While the direction of Trump Administration policymaking on climate risk appears to deny concern, the largest U.S. public equity funds are sharpening their focus and concern about this subject.

Last week BlackRock, the Nation’s largest funds group with $5.1 trillion in assets under management, updated its investment stewardship guidance and highlighted climate risk management as a priority for engagement with public company boards in 2017.   This follows on similar ESG Guidelines released in late January by the Nation’s third largest funds group, State Street Global Advisors, which manages over $2.4 trillion in assets.   These policy statements borrow from the December 2016 Recommendations Report of the Financial Stability Board’s  Task Force on Climate-Related Disclosures (TCFD) that was chaired by Michael Bloomberg.

The following is a key statement from BlackRock’s guidance:

Climate risk awareness and engagement has advanced over the past several years and just as our thinking on climate risk continues to evolve, we believe that companies are also increasingly more aware of its business relevance. Climate risk will be one of the key engagement themes that the Investment Stewardship team will prioritize in 2017 and the team’s recent work on this issue and its engagement and contributions to external initiatives such as the TCFD will inform our assessment of shareholder proposals on the topic. Over the course of 2017 we intend to engage companies most exposed to climate risk to understand their views on the recommendations from the TCFD and to encourage such companies to consider reporting against those recommendations in due course. For directors of companies in sectors that are significantly exposed to climate risk, the expectation will be for the whole board to have demonstrable fluency in how climate risk affects the business and management’s approach to adapting and mitigating the risk. Assessments will be made both through corporate disclosures and direct engagement with independent board members, if necessary.

State Street’s guidelines offer the following:

[I]n 2017 we will be increasingly focused on board oversight of environmental and social sustainability in areas such as climate change, water management, supply chain management, safety issues, workplace diversity and talent development, some or all of which may impact long-term value. While none of us can state definitively “the answer” for a particular company, and we acknowledge that certain industries will face different issues, we believe that over time these areas can pose both risks to and opportunities for long-term returns. Therefore, as stewards we are convinced that addressing ESG issues is a good business practice and must be part of effective board leadership and oversight of long-term strategy.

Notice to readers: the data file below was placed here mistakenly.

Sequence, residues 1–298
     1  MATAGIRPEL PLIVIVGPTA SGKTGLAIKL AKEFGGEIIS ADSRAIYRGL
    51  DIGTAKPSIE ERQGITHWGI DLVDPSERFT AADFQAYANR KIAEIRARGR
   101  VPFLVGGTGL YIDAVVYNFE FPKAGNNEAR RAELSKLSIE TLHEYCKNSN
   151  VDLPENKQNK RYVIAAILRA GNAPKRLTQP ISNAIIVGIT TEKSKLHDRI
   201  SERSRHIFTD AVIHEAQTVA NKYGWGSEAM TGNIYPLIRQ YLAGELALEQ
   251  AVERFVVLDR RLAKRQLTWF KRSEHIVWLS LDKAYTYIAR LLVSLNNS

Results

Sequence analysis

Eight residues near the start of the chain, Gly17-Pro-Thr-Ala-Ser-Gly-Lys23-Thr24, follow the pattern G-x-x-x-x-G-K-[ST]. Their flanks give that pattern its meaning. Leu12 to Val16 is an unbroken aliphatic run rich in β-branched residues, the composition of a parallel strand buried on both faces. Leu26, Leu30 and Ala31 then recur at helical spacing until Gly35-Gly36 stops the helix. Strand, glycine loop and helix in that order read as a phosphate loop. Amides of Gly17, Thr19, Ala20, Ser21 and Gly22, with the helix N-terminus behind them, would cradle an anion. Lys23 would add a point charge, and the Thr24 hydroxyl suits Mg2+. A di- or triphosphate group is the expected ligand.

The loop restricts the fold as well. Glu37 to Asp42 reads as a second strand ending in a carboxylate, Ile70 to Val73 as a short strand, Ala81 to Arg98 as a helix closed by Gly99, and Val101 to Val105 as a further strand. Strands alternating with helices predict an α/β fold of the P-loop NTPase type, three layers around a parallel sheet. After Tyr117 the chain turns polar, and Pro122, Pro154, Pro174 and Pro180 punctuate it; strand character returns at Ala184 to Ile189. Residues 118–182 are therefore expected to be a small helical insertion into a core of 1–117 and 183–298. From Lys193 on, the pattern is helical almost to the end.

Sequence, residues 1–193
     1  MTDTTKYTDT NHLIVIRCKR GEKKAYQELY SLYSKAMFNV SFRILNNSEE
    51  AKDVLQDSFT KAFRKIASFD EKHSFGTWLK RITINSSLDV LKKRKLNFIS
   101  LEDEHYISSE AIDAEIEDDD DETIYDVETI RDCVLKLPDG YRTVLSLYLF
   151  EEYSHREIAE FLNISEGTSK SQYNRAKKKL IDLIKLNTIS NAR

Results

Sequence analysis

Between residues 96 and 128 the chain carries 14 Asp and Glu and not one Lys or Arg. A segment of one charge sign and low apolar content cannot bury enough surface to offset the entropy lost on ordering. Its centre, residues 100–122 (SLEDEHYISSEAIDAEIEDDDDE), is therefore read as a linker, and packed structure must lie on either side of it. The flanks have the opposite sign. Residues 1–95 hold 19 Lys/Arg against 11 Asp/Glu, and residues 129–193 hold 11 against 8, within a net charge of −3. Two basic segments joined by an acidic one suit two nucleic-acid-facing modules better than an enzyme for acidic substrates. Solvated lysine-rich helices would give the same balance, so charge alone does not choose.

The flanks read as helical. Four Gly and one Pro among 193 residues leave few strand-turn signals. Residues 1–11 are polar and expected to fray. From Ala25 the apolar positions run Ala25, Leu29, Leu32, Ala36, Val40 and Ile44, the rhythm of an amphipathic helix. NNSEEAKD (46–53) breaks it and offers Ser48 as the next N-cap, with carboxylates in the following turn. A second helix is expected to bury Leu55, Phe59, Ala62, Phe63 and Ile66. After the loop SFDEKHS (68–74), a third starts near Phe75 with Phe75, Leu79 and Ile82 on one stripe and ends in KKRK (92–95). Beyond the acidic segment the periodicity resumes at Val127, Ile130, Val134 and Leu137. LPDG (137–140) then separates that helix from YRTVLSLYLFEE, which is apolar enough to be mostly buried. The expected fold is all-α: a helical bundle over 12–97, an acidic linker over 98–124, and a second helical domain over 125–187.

To help investors better understand how companies are addressing climate risks, the TCFD report suggests four categories of recommended disclosures:

  1. Disclose the organization’s governance around climate-related risks and opportunities;
  2. Disclose the actual and potential impacts of climate-related risks and opportunities on the organization’s businesses, strategy, and financial planning;
  3. Disclose how the organization identifies, assesses, and manages climate-related risks; and
  4. Disclose the metrics and targets used to assess and manage relevant climate-related risks and opportunities.

The TCFD’s recommended disclosures inform State Street’s analytical framework for evaluating the degree to which company boards are adequately addressing climate and sustainability in company strategies.   The State Street framework reviews and categorizes a company’s approach to sustainability according to three criteria:

  1. Has the company identified material environmental and social sustainability issues relevant to its business?
  2. Has the company assessed and, where necessary, incorporated the implications of relevant environmental and social sustainability issues into the company’s long term strategy?
  3. Has the company adequately communicated its approach to sustainability issues and its influence on strategy?

State Street then classifies companies into three tiers — Tier One companies have satisfied all three criteria, Tier Two companies have satisfied one or two of the criteria, and Tier Three companies have not satisfied any of the criteria.  State Street will focus its active stewardship engagement on Tier Three companies and incorporate its assessment of company progress in proxy voting decisions.

While it is unlikely that the Securities and Exchange Commission will adopt any new climate risk or carbon disclosure rules during the Trump Administration, it appears that there may be growing demands by institutional investors for greater climate risk and carbon disclosure and active strategic management of these issues.   CEOs, CFOs and board members should be prepared to address these subjects in their investor relations activities.